5.) Guilt (A body covered in long whiskers that bug everyone around you.)

Imagine you walk through the mall, or attend a family function, and all of a sudden your body grows huge, prickly whiskers that poke at everyone around you. You’d feel the need to apologize an awful lot. You’d probably feel pretty bad. Guilty. Guilty for being your prickly, whiskery self. Depression doesn’t make a person grow whiskers of course, but it certainly brings on constant, tremendous feelings of guilt. It makes you feel as though you are letting everyone down, that everyone is annoyed at, or disappointed by you.

6.) Physical Discomfort (The Constant Hangover)

Headache. Body Aches. Joint Pain. Nausea. Dizziness. If it gets bad enough, depression makes you feel like you have a constant hangover. If you haven’t experienced a hangover, think of how you feel when you are coming down with the flu. Many cases of depression/anxiety are diagnosed only after the patient has sought medical help for physical symptoms.( I myself was one of those cases.) Those “Depression Hurts” commercials do not lie.

7.) Confusion (partially soundproof, translucent glass box.)

If you spent an hour surrounded by glass that was hard to see through, hard to hear through and tried to go about life as usual, things would get pretty darn confusing. Depression often feels exactly like this. Focusing on anything becomes very hard. You find yourself holding your head in your hands all the time. Your vision literally blurs, and you have a hard time understanding what anyone is talking to you about. This confusion just increases other symptoms, like irritability and fatigue.

8.) Strong Desire to Hide (avoiding a telemarketer who is always callng)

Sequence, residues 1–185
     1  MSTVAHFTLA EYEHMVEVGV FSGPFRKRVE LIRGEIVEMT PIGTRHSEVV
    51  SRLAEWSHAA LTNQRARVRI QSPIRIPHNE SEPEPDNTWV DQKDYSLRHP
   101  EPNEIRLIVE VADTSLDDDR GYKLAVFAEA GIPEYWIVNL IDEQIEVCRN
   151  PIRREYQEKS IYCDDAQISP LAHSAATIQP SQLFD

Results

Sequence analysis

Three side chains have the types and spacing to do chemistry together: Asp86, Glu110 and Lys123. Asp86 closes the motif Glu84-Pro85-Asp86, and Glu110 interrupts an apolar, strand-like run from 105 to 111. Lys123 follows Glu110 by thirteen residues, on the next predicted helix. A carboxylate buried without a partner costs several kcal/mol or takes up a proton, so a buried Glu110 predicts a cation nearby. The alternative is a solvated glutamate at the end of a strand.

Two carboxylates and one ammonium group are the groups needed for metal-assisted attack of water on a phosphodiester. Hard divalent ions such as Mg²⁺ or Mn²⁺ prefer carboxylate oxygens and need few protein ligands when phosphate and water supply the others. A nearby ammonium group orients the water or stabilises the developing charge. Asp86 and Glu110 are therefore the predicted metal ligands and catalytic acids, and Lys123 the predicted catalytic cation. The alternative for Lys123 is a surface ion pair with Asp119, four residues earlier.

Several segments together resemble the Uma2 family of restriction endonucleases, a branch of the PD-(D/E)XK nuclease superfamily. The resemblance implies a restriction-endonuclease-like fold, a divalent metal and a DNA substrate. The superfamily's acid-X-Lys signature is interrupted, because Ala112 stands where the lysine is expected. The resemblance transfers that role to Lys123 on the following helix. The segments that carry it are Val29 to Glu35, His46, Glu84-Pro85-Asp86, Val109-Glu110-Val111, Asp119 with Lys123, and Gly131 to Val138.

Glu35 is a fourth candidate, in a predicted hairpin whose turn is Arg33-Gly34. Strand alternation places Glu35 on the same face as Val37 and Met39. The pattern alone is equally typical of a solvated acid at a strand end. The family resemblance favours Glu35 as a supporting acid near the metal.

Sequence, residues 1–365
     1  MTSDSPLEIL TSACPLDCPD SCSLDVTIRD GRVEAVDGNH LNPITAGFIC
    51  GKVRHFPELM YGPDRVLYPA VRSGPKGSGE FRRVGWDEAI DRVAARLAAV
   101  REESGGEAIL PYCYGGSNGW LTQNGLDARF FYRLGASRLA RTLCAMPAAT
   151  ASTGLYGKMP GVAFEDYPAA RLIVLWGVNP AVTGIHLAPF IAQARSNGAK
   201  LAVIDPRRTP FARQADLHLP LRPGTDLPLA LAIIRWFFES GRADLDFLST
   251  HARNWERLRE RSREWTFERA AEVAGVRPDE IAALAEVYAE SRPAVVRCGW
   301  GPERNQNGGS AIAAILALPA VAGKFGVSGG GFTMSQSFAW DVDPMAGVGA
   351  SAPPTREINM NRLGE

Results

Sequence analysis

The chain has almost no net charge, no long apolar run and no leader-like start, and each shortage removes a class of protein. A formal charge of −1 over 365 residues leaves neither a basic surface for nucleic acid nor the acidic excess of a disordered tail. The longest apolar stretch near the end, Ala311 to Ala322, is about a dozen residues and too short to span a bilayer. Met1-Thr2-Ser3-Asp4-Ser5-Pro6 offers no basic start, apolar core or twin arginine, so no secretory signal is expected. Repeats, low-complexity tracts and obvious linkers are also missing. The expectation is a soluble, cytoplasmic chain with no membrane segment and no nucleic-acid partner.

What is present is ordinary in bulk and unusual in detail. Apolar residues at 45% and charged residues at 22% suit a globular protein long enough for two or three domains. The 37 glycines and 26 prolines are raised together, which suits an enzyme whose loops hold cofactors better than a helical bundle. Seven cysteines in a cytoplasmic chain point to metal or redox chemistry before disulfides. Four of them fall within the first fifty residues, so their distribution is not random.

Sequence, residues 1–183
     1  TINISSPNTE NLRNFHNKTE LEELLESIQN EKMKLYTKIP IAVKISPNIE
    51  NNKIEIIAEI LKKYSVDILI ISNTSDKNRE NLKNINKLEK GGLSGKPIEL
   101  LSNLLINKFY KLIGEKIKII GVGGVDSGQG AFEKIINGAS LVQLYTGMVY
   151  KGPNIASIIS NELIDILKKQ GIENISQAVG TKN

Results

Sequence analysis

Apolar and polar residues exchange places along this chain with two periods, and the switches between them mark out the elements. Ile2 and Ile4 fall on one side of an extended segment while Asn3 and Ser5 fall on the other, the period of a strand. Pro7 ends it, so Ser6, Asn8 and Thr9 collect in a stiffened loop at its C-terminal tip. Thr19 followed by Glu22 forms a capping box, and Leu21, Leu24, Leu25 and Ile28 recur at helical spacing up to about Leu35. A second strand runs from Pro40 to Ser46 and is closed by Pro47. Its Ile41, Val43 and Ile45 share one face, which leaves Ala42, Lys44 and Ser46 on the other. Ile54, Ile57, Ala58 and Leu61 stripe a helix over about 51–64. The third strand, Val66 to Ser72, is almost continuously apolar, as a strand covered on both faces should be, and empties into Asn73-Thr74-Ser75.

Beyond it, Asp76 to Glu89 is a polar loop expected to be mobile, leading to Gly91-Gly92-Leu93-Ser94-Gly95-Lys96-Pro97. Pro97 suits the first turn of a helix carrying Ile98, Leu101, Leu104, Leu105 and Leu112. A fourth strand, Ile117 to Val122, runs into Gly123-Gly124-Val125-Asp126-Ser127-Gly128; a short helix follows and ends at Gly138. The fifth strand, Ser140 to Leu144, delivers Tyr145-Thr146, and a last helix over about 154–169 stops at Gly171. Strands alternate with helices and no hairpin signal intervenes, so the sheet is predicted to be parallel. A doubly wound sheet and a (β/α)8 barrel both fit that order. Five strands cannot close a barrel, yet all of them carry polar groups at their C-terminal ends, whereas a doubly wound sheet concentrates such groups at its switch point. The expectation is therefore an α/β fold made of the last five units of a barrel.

You know that feeling you have when you see a telemarketer’s number on the call display? Someone with depression feels this way pretty much all of the time. They don’t want to answer the phone, or the door. They don’t want to go get groceries, they don’t want to go to your party. All they really want to do is hide under the covers and stop pretending everything is alright. They want to hide away so they can be depressed without fear of judgement, or feelings of guilt.

9.) Dread (a colonoscopy is looming, every minute of every day)

I think it’s safe to say nobody out there looks forward to the day they need a colonoscopy. When you suffer depression, you always feel like something unpleasant lies in the near future. Dread. Dread for reasons you can’t explain. In fact, knowing the dread was caused by an approaching colonoscopy would probably be an improvement over the nonspecific, sinking, scared feeling you often wake with, eat lunch with, go to bed with when you suffer from depression.

10.) Hopeless/Trapped (drowning)

Imagine you are trapped in a tank of deep water. You tread water for a long time. You start getting tired. You aren’t sure how much longer you’ll be able to keep your head above water. You try to stay afloat, try to conserve your energy and pray someone will come along and help you. Time ticks on. You are so tired. You sink below the surface, hold your breath for as long as you can. Nobody is coming to save you because nobody notices you need help. Desperately, you pull to the surface, gasp for air, sink back down again. You aren’t going to make it. You have lost all hope.

Depression is a very lonely, often desperate battle to feel alive.

But it doesn’t have to be lonely.

It doesn’t have to be hopeless.